The tax cuts President Trump signed into law last December are generally unpopular. But what if there was a chance they’d get repealed? Odds are, they’d suddenly become more popular.
This is the conundrum Democrats face this year as they plot to retake control of the House of Representatives, and possibly the Senate. They have two natural advantages. First, the president’s party typically loses seats in midterm elections. And second, President Trump is the most controversial president in decades, besieged by scandals ranging from porn-star hush money to self-dealing Cabinet members such as the EPA’s Scott Pruitt.
But Democrats might easily bungle these advantages, and their approach to the Trump tax cuts helps explain why. Democrats have maligned the tax cuts as a giveaway to the rich, and suggested they’d vote to repeal some of them if they take control of Congress. Only one problem: That sounds like they’re in favor of raising taxes, which come to think of it, isn’t a great campaign pitch. “There have been mixed messages coming from Democratic officials, on the question of whether they’re looking to increase federal revenue or not,” says Scott Greenberg of the nonprofit Tax Foundation.
In a recent interview with Politico, for instance, Democratic lightning rod Nancy Pelosi, the House Minority Leader, said reports that she wants to roll back the Trump tax cuts are “accurate.” Conservative social-media accounts erupted with outrage, claiming the whole Democratic plan is to gain control of Congress and hike everybody’s taxes. So the next day, Pelosi clarified, saying all she really wants to do is “rebalance the tax code to put the middle class first.”
A Democratic plan by summer
What’s the actual Democratic plan? So far, there isn’t one. But Pelosi says there will be by summer, with special emphasis on “the financial instability of America’s families.” Meanwhile, there’s plenty of chatter among Democrats about rescinding the Trump tax cuts for top earners and pushing the corporate tax rate up by a few percentage points, to perhaps 25%. The Trump law cut it from 35% to 21%.
That might sound logical. In a recent NBC/Wall Street Journal poll, just 27% of respondents said they approve of the tax law, while 36% disapproved. A Politico/Morning Consult poll found that just one-fourth of voters have noticed their paycheck actually growing on account of the law. Most are wealthy. So if a majority of voters dislike something, why not get rid of it?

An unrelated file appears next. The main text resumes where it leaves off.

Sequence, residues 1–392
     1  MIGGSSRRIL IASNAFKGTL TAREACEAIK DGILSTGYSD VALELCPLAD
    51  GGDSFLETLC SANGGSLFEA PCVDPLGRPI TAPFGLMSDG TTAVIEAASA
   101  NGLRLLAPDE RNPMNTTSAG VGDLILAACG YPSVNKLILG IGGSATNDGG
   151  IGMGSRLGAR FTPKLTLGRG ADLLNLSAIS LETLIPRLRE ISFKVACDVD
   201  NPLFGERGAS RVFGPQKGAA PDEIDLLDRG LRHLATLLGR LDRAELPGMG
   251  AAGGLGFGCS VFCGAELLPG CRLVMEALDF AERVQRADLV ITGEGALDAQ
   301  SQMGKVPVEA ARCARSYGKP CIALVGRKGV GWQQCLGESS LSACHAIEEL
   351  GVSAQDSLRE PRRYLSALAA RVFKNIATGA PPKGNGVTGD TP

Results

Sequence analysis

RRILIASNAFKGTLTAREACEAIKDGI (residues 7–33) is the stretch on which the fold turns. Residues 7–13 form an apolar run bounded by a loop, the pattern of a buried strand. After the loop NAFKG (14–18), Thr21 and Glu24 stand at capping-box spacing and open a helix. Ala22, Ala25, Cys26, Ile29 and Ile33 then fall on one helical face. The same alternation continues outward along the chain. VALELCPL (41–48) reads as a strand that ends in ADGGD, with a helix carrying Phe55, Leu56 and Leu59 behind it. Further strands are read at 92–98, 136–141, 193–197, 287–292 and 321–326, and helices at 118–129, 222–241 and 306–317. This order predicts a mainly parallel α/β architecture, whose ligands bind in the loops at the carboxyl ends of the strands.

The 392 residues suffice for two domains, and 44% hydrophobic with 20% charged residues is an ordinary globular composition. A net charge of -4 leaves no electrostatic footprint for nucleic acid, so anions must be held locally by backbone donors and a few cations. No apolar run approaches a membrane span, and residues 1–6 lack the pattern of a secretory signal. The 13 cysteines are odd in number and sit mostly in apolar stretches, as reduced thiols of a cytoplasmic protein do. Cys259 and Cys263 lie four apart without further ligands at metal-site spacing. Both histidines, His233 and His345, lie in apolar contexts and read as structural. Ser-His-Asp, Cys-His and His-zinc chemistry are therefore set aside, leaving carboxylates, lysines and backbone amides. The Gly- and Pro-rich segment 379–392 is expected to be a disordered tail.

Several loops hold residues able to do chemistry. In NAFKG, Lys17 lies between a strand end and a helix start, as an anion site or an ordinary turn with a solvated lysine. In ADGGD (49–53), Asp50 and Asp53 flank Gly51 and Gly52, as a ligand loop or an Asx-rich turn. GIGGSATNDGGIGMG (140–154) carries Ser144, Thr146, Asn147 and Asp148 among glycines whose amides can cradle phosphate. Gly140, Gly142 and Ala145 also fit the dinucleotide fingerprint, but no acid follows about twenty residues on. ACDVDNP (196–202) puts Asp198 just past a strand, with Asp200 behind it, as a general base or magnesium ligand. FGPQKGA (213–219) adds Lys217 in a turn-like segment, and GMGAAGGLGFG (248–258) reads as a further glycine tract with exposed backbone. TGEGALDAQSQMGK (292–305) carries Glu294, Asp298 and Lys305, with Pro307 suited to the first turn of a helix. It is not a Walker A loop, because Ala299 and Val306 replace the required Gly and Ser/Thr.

Here’s why: Because disapproving of a law isn’t the same as favoring its repeal. Just ask foes of the Affordable Care Act, the 2010 law that Republicans tried and failed to repeal last year. For years, the ACA had a net unfavorable rating, with more people opposing it than supporting it. Republicans thought weak public support would allow them to kill the ACA. They turned out to be wrong. Supporters of the law easily demagogued the repealers as heartless bureaucrats intent on harming patients, and support for the ACA crested 50% for the first time while it was under attack. Efforts to kill the law actually made it more popular.
Apply that to tax cuts. The typical family might only be saving 80 bucks a month or so—but try taking it away. Americans are also leery when politicians say they only want to raise taxes on the wealthy, because, well, nobody believes politicians. There’s also that minority of voters who say they approve of the tax cuts, who Democrats would be foolish to write off in an election where they need every possible vote. Dems should also pay attention to at least one important voting bloc that appreciates the tax cuts—Main Street business owners who have long felt Washington talks down to them and offers no real help. They don’t all like Trump, but many feel he’s a politicians who’s actually doing something for once, besides flapping his jaws.
The Democrats face another basic problem, given that unemployment is low and the economy is doing well: Coming up with legitimate problems to run on. But there are a few. Healthcare costs, including prescription drugs, remain exorbitant for many families. Pay is stagnant for many middle-class workers. And there are 10 to 12 million working-age Americans who ought to have a job or be looking for one, but aren’t, for a variety of reasons economists have trouble pinning. A coherent plan addressing these concerns would get people’s attention.
When Democrats do introduce an economic platform this summer, it’s likely to contain elements of last year’s forgettable “Better Deal” plan, such as a higher minimum wage, more infrastructure spending, job retraining for displaced workers, limits on drug prices and new protections against corporate monopolies. Some of that will require new spending, and axing the Trump tax cuts is one way to come up with the money. They’d just have to raise somebody’s taxes to do it.
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Rick Newman is the author of four books, including Rebounders: How Winners Pivot from Setback to Success. Follow him on Twitter: @rickjnewman